- TechCrunch has 5.7 million Twitter followers
If you’ve ever wondered how it’s possible to create an entire content calendar at once, the secret lies within a key part of the planning process: developing content themes. Content themes help you plan ahead and provide the structure needed to stay focused on content that will deliver meaningful results.
Creating content themes allow you to create an even mix of content that satisfies different audiences while remaining true to your business goals. Using content themes paired with an editorial calendar will help you make sure you’re not creating too much of any one kind of content.
Personas are a representation of a user based off of quantitative and qualitative research. They give marketers a better picture of who they’re talking to. Many marketers are familiar with personas, but are not sure why they’re not getting more value out of personas.
In this post, I’ll explain what “thin” personas are, and why they’re not as effective or creating actionable personas.
I really like to give people thoughtful, personalized gifts. I think it’s the moment that someone opens the gift and their reaction that motivates me. I can always tell when someone feels so-so about a gift. The whole lotion and/or candle duo has never been enough.
When I want to give a good gift, I start by brainstorming everything I know about what a person is interested in. Most of the time my greatest ideas come from thinking about the little things – what makes them really excited, what gives them unexpected joy, their quirks.
It’s not as much knowing the person’s age, gender, job, and/or where they live. If I went based on that, I’d be getting people generic gifts anyone could give. My intention is to give a gift that’s truly special. If all the gifts were opened without knowing the givers, then my gift would still be connected to me, because it’s an extension of my personality and style.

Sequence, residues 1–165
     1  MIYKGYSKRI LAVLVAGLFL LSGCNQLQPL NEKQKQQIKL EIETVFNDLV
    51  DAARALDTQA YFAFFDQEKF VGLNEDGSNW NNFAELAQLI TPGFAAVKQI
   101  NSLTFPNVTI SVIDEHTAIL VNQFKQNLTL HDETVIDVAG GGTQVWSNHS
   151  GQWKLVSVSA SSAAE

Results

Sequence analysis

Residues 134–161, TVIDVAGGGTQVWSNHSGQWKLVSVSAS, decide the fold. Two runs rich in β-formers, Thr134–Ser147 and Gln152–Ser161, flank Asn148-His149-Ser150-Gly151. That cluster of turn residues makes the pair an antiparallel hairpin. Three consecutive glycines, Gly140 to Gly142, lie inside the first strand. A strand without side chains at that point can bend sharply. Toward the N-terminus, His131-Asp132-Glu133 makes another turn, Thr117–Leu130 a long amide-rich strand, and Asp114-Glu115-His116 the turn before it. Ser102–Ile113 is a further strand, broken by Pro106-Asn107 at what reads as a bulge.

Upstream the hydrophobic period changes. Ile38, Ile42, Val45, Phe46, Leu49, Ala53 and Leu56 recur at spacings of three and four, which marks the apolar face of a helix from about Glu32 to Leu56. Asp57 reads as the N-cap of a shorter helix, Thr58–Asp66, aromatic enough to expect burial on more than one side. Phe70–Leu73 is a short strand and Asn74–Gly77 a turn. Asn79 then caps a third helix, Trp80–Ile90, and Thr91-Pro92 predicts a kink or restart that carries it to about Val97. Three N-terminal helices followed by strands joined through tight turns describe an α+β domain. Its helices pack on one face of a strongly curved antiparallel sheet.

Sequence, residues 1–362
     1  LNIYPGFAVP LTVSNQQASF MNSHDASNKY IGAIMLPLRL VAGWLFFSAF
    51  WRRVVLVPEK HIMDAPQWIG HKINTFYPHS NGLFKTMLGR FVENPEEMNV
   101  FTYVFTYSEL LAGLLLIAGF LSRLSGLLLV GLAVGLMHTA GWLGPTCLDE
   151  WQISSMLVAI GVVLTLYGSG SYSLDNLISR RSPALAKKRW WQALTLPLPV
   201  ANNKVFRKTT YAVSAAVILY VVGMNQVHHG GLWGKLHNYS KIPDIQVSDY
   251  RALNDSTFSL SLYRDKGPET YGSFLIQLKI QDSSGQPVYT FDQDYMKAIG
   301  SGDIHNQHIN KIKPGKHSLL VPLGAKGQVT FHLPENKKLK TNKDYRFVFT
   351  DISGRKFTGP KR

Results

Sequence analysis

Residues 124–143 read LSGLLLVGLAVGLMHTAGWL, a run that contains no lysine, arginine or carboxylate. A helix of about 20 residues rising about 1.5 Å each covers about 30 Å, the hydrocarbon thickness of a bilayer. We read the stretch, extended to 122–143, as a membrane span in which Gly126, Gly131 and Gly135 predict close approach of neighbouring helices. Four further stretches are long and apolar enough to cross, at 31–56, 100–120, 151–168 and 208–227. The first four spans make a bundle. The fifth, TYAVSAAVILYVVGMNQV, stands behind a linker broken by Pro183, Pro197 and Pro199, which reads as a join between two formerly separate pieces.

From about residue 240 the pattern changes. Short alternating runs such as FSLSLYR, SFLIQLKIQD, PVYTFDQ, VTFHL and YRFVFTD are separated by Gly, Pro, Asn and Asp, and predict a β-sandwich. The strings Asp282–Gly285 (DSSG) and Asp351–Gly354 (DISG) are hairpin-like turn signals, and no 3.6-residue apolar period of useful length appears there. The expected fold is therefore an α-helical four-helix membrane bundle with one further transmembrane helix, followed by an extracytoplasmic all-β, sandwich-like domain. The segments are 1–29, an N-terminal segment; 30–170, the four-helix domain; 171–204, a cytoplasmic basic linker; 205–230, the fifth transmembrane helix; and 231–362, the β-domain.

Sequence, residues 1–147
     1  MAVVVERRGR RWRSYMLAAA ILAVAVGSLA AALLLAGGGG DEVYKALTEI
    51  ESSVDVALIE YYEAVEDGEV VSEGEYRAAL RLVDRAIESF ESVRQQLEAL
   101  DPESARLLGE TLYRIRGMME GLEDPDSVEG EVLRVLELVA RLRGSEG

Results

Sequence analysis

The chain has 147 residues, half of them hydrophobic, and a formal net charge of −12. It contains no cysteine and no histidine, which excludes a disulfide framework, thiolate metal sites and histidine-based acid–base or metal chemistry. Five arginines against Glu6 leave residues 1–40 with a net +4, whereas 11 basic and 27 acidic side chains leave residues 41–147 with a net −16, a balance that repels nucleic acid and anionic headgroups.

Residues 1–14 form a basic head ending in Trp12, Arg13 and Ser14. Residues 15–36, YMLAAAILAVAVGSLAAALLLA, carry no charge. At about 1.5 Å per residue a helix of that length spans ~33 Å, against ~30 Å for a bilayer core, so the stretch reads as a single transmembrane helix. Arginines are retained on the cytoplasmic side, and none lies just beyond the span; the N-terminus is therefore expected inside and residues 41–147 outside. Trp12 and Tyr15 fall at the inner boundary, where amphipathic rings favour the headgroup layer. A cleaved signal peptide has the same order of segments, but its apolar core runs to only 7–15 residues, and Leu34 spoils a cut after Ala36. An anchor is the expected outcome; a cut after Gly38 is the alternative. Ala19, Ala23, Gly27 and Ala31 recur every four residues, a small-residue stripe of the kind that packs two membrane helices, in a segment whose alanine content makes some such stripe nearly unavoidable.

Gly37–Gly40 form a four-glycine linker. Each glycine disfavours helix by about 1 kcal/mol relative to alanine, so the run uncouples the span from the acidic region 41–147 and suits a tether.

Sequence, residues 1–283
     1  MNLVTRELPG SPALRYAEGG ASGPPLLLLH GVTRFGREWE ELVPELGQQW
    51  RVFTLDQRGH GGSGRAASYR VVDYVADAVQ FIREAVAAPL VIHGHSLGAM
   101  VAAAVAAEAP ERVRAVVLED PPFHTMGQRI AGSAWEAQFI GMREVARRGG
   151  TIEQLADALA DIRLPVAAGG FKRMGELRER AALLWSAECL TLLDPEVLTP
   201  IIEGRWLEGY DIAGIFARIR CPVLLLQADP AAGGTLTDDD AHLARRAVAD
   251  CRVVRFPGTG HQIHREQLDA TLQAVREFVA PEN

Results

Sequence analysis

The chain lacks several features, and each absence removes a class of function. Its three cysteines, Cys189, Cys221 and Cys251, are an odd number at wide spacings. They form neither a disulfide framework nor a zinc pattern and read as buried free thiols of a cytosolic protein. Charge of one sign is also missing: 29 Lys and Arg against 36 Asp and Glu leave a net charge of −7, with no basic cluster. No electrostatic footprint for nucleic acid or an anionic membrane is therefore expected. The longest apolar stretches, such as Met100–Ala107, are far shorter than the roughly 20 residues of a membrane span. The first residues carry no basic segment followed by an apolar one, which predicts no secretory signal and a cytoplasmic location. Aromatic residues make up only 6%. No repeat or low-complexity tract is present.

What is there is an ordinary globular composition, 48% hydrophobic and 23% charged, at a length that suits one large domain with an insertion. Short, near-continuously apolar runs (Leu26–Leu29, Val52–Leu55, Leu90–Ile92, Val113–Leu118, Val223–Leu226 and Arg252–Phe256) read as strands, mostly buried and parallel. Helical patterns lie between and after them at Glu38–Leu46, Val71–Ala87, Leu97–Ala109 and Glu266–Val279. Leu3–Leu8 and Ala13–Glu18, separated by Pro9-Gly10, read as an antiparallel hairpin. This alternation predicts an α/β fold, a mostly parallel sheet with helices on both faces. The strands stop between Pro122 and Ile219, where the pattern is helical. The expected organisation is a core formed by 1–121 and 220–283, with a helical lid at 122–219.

Marketers can achieve the positive reaction I’m going for with gift giving when they know their audiences well. When marketers with strong brands make meaningful connections with their audiences, they are able to “give” in a way that’s distinct to their brand.
Successful content and social media require having a plan for quick wins and a big picture idea for your long game.
Your long game is building your brand to create sustainable value. You get a lot more value out of your marketing efforts when every single marketing tactic contributes to brand equity. Strong brands create inimitable differentiation, increase loyalty, and create financial value. The value provided by a strong brand is real – each year, brand consultancy Interbrand tracks brand values: Brand equity is worth billions of dollars for the top-performing companies.
Brand Touch Points
Content and social media provide opportunities to create brand touch points for your consumers. At every brand touch point, you should be delivering on your brand promise. Each touch point contributes to your brand perception as part of the larger mosaic that makes up your brand.